Thursday, April 7, 2011

Natural curing experiment is a success!

As you may recall, a while ago we experimented with truly natural ham and bacon curing.  Before I get to the news, lets review a bit:

There are currently four ways to purchase "cured" cuts of pork. Each is explained here.

1. Conventional curing - sodium nitrate: This is how the hams and bacon on the shelves today are predominately processed. Sodium nitrate (along with some other flavorings) is injected into the meat, allowed to sit for some period of time, and then smoked at low temperatures. The resulting product has the common "pink" color and taste of hams, bacon, lunch meats, hot dogs, etc.  Sodium nitrate reduces the chances of botulism bacteria growing during storage, improving the shelf life. Critics state evidence that sodium nitrates changes into cancer causing chemicals during cooking and body metabolism and increases the chance for many cancers. The government does not support this claim.

2. Natural Nitrate curing - also called nitrate free curing, celery cure, etc: This method is fairly new and little understood by most people. Instead of the chemical sodium nitrate,  the meat is injected with condensed celery juice or reconstituted celery juice, mixed with other flavors and salts. The effect on the meat (if done properly) is identical to conventional nitrate curing. In fact, it is the exact same chemical process that utilizes nitrates to perform the magic of curing. Celery happens to be high in nitrates occurring naturally. Using a high concentration of celery juice in one form or another is a source of sodium nitrate.  The benefits of this approach is that the nitrates are at least naturally occurring, instead of being chemically produced pure. Celery juice carries with the nitrates all the vitamins and minerals of celery, which proponents say counteract the cancer causing effects of the nitrates, making it a safe alternative. These products are NOT usually clearly labeled, and the only way to tell for sure if your "no nitrate" product has celery based nitrates is to look at the ingredients. the list will often include "celery juice or powder". The package will often say "no nitrates added (except those naturally occurring)". This is because celery juice itself is a flavor not a additive according to government rules, so it is treated differently on labeling.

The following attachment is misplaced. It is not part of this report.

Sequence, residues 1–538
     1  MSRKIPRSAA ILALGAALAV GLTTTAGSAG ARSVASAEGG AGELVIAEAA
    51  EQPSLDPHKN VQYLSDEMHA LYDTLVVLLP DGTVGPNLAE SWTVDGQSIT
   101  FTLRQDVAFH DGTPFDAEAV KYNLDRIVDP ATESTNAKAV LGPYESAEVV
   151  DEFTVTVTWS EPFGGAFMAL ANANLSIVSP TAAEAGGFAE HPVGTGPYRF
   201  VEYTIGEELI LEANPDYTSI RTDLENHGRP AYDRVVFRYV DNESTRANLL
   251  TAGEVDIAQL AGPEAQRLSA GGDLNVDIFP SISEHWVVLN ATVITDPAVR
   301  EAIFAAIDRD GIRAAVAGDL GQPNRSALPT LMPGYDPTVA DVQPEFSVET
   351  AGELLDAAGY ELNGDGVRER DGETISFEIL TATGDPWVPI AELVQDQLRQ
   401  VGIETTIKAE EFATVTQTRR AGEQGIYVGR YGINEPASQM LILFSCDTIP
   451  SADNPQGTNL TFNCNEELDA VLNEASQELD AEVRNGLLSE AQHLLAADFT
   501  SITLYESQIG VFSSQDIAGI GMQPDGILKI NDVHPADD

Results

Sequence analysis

3. Natural or Traditional Curing :  This method is totally different from the nitrate cures of #1 and #2. In this method salt and sugar are the only preservatives in the meat. Spices are added to impart flavor but the operative ingredient is plain salt. This is how people have preserved meat for ages.Salt slows bacteria growth when in high enough concentrations. Natural curing means salt, sugar, and spices are injected into the meat and it sits for some time, then smoked just like above. (smoking itself is a bit of a preservative, since smoke also contains natural nitrates in small quantities).  The resulting product is truly NO NITRATE (except for hte tiny amount added in the outer layer by smoke) and hence is not truly "cured", does not have the "pink" color nor true ham taste. The shelf life is also reduced (more on this later). The flavors of this type of meat are endless, as any combination of spices can be added to produce a distinctive flavor.  These meats are also often aged for long periods of time, producing a bit of "fermentation" internal and adding further flavor.

4. Fresh or Uncured: This represents truly untouched meat, sold fresh just like a pork chop or plain roast would be. It has no specific flavor other than that of pure pork, and no coloring at all other than that of pure pork. When cooked this way without further processing the end result is the flavor of pork chops or roasts with no flavor. The shelf life of this meat is identical to any raw pork.